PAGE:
Everything changed, however, during halftime. Suddenly, every seat was filled, everyone at rapt attention. We were in the band section! All these folks cared bout was their kids playing the halftime show. That happened, and as soon as the show was over, 90 percent of these parents stood up and left. My roommate and I couldn’t believe it, laughed because there were people there just to see the band play, and they didn’t care about an actual Big Ten football game that was unfolding in front of them.

The moral of this story is, I’m one of those parents now. We even call it “the football game,” as in “Hey, is there a football game this week?” We don’t call it “the field band show” or “the performance,” but the football game. Considering how much of my life I’ve invested into sports, it’s odd I didn’t bother to check the score or ask my son who was winning. I’m not even motivated enough right now to look it up.

I’m a band parent now. I’m proud. Go band!

Today I read from Jason K. Friedman‘s 2012 collection, Fire Year, out from Sarabande as a winner of their Mary McCarthy Prize in Short Fiction. I’ve not read any of Friedman’s work before—that’s been the case as of late—so I was more than happy to dive in and see what this author had to offer.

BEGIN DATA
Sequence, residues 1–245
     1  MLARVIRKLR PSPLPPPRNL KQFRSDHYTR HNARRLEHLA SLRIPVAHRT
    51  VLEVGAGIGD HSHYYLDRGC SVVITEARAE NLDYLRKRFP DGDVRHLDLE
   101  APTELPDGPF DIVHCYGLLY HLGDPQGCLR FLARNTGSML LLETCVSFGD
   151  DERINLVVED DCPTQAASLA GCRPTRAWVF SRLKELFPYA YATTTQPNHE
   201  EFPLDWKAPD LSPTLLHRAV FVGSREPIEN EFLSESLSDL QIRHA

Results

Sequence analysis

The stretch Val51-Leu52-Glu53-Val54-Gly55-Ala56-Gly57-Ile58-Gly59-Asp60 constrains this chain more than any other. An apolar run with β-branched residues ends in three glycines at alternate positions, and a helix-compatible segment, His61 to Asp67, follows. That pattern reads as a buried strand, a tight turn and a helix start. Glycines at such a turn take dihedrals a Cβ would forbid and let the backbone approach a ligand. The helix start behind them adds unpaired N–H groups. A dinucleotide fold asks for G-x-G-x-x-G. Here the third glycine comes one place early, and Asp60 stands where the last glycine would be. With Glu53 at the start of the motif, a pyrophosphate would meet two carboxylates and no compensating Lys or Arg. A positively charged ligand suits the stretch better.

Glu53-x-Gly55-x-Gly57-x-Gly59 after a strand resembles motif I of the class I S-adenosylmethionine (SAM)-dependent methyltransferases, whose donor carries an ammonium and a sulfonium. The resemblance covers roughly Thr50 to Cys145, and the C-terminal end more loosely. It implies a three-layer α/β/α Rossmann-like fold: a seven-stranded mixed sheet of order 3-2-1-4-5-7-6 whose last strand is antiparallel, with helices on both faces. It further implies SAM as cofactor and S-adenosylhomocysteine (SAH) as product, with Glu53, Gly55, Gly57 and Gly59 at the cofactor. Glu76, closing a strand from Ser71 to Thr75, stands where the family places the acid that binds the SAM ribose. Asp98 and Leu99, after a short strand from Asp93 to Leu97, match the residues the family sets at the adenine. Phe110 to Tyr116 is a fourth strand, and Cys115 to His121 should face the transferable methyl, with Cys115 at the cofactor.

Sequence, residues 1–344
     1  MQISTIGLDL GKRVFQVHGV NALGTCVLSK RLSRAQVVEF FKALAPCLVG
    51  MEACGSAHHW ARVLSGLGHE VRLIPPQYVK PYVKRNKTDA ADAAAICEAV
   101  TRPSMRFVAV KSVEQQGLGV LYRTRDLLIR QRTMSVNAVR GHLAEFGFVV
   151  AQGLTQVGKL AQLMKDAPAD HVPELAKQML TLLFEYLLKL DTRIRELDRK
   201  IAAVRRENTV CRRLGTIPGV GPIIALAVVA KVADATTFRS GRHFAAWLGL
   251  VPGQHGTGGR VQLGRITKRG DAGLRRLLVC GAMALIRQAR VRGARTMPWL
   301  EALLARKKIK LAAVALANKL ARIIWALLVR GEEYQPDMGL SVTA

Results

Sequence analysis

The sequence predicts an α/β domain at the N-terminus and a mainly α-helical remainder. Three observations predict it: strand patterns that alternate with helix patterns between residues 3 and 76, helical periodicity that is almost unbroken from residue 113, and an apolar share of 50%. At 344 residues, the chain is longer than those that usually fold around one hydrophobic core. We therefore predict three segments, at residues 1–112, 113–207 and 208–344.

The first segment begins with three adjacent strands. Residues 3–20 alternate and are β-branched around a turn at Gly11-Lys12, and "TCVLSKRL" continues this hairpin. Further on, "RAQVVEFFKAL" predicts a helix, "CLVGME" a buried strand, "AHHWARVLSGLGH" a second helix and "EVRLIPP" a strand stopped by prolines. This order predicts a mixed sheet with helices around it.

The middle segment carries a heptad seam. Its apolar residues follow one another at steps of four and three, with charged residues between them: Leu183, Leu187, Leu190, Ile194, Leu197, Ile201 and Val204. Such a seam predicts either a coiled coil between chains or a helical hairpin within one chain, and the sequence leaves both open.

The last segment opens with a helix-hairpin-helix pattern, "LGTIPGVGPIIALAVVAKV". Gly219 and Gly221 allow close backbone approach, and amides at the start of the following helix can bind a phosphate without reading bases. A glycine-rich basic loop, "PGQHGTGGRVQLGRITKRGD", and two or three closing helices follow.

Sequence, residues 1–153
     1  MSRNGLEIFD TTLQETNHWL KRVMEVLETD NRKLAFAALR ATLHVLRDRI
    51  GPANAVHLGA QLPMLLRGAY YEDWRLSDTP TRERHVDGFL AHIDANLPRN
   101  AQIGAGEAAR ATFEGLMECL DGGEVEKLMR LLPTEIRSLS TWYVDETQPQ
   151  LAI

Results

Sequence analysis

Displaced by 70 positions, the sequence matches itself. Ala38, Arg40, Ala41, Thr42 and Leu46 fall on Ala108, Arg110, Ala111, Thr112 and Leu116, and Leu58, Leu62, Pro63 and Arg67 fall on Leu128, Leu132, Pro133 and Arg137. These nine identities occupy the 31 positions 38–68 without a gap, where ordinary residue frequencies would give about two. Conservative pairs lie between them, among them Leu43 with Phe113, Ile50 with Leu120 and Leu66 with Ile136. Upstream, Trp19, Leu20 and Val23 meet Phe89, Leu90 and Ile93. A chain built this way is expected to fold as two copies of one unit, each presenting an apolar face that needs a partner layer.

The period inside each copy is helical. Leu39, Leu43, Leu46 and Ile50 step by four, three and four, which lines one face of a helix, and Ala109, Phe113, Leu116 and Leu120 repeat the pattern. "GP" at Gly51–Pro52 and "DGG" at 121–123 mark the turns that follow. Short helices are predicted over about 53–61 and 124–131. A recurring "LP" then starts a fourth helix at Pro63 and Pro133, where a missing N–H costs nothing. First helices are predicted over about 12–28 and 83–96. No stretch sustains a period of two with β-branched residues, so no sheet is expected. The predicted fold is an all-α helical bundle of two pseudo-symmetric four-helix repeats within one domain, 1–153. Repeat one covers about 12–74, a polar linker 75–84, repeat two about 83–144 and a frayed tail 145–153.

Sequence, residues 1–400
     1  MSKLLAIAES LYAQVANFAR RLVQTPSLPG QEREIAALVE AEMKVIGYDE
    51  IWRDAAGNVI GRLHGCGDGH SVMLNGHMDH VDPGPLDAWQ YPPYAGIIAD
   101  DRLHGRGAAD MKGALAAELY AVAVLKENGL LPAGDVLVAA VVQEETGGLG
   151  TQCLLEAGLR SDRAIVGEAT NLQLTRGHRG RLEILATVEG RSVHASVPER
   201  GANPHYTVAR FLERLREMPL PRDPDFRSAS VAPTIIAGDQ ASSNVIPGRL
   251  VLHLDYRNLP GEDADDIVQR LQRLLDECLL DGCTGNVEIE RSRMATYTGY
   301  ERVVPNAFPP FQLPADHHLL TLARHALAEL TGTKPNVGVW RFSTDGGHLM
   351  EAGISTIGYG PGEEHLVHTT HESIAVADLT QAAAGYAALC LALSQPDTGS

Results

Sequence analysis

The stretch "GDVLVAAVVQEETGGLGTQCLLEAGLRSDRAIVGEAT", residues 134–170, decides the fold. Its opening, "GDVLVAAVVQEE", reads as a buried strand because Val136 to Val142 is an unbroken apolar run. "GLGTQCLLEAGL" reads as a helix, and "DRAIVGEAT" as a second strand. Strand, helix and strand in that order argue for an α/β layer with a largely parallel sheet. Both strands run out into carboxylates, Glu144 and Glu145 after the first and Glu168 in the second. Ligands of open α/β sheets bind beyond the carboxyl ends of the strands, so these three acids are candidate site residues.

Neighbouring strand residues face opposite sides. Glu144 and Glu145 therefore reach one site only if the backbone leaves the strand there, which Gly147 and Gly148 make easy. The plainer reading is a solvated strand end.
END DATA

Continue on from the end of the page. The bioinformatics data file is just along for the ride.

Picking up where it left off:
Friedman is Jewish, and his stories reflect that, mostly surrounding Jewish themes, culture, and characters. The first story, “Blue,” takes place at a Bar Mitzvah after-party, the man of the hour at his grandparents for a mix of old relatives and his friends from school. He’s invited the entire class, but aside from a couple exceptions, it’s mostly him and his buds; note, he even refers to his crew as the “losers,” meaning the unpopular sect. When no girls show up to the party—not a single one—the boys improvise and bring in one of their little sisters, an eleven year old who sadly ends up having a better time than anyone else, including our brand-new-adult protagonist.

“The Golem” is about Blaustein and Artie—the POV switches throughout—and their tumultuous relationship. Blaustein owns an auto parts and salvage yard, and does quite well. One day he goes for a massage, and lo and behold, his guy is an old classmate, Artie, who’s not as fortunate as he has been. Artie has a lisp and a limp, and is relegated to the massages for the people no other masseuse wants to handle, the old, the fat, and the extremely hairy (which speaks to Blaustein’s description). Blaustein feels sorry for his old mate, calling him “the golem,” which in this case means he’s the dirty-work-doing servant of the spa. He takes Artie on at the garage, but before long, treats him even worse than the masseuse did, transforming him into a golem of his own.